Airmen facilitate 'command and control' at Smoky Mountain Air Show

  • Published
  • By Staff Sgt. Ben Mellon
  • 134 ARW Public Affairs
Airmen from the 119th Command and Control Squadron provided essential communication for the security team at the Smoky Mountain Air Show here April 16-17.

The 119th CACS used their mobile command and control center called the Joint Incident Site Communication Capability Terminal (JISCC), which is a system that allows different types of equipment to interface together to provide communication between different groups.

"We brought our JISC terminal down here to tie in communication between the Blount County Sheriff's Department, Knoxville Police Department, Knoxville Explosive Ordinance Disposal team and the 134th Security Forces Squadron so they could all talk to each other and if something were to happen they are able to direct emergency crews to where they need to be," said Master Sgt. Mark Potter, a cyber transport systems specialist from the 119th Command and Control Squadron.

With such a high volume of people attending the air show, one of the agencies alone would not be able to handle the detail of securing this event and keeping it a safe and fun environment for people to enjoy. All these agencies coming together in a joint force capacity is crucial to the integrity of the event and fosters a greater relationship for civilian and military emergency personnel.

"We have so many people here that one agency just couldn't handle the load, so it's really awesome that we can come together with emergency personnel on the civilian side and use our JISC terminal to allow them to communicate and work together as one," said Potter.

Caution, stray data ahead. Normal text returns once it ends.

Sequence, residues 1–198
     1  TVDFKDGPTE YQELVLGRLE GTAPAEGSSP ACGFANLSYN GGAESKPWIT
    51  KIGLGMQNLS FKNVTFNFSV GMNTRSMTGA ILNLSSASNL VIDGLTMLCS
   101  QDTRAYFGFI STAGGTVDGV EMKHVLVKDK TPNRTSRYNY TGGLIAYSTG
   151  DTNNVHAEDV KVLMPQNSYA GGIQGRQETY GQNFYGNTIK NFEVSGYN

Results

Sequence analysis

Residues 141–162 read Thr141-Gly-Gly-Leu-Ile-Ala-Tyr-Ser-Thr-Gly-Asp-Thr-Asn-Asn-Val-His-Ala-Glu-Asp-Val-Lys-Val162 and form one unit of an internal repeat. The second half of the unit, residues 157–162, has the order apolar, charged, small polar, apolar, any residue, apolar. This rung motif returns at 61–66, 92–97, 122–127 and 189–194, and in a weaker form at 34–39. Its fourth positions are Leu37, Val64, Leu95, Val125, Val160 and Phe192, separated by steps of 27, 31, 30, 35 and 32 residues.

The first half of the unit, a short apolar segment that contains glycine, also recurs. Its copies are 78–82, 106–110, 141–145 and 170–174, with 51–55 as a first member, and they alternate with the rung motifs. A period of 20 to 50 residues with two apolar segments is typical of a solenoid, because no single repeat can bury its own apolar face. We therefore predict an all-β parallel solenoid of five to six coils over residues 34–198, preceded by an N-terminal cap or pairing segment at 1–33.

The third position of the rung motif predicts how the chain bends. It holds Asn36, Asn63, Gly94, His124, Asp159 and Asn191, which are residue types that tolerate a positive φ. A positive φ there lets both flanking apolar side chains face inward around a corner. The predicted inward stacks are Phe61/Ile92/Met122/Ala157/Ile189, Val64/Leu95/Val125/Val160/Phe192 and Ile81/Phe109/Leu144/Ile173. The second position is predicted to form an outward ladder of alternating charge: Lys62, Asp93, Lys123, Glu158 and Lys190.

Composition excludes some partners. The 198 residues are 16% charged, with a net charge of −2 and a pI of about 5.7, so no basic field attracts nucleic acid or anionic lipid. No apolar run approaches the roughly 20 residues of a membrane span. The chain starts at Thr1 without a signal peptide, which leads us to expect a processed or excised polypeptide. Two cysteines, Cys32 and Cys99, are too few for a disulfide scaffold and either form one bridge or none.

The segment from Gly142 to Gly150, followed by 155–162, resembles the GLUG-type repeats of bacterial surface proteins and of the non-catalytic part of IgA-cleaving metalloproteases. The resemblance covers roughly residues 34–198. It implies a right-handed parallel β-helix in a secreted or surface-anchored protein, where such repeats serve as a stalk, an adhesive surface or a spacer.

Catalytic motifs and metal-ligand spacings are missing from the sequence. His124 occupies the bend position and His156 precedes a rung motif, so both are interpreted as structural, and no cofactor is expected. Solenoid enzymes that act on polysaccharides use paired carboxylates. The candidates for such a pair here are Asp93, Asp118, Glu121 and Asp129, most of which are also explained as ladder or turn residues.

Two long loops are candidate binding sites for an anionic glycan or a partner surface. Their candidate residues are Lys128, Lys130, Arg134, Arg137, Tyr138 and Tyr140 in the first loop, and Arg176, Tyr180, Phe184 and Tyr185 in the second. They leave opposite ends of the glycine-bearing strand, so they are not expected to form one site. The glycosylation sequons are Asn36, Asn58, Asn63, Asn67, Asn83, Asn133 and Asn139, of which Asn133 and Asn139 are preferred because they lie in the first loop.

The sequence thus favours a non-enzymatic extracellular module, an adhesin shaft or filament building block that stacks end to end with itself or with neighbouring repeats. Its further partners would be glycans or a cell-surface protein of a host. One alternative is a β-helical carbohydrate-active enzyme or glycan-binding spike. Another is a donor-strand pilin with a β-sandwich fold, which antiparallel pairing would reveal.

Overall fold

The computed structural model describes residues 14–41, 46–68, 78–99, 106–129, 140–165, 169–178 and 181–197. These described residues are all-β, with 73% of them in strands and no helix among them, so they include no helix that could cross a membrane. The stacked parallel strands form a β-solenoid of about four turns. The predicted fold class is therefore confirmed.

Bringing different organizations together to secure this event does come with challenges. Each of these agencies has their own communications systems and radio frequencies to communicate within their own group. Unfortunately, all of their systems may not be innately compatible. This is where the importance of the 119th CACS's mission comes in.

"We have an ACU 5000 which is a piece of radio equipment." said Staff Sgt. Jeremy Coffman, a satellite, wideband and telemetry systems specialist for the 119th CACS. "The Knoxville Police Dept., Blount County Sheriff's Dept., and the 134th SFS all use different frequencies and channels to communicate with themselves and our ACU 500 bands them all together to allow them all to talk to each other."

The 119th CACS JISC mission is to facilitate the communication between many different organizations no matter the hurdles they may face. It's missions like these that make us stronger as a total force and bring together civilian and military personnel to fulfill the mission.